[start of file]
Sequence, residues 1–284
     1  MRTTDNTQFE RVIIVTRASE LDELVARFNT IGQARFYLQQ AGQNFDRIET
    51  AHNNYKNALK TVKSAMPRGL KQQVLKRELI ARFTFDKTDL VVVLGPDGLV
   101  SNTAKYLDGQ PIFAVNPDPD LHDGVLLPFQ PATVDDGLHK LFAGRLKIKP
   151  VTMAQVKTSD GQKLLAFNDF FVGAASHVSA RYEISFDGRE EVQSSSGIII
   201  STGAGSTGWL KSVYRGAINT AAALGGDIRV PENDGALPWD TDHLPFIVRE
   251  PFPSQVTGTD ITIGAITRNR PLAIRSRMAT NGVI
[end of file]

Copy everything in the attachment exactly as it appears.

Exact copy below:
Sequence, residues 1–284
     1  MRTTDNTQFE RVIIVTRASE LDELVARFNT IGQARFYLQQ AGQNFDRIET
    51  AHNNYKNALK TVKSAMPRGL KQQVLKRELI ARFTFDKTDL VVVLGPDGLV
   101  SNTAKYLDGQ PIFAVNPDPD LHDGVLLPFQ PATVDDGLHK LFAGRLKIKP
   151  VTMAQVKTSD GQKLLAFNDF FVGAASHVSA RYEISFDGRE EVQSSSGIII
   201  STGAGSTGWL KSVYRGAINT AAALGGDIRV PENDGALPWD TDHLPFIVRE
   251  PFPSQVTGTD ITIGAITRNR PLAIRSRMAT NGVI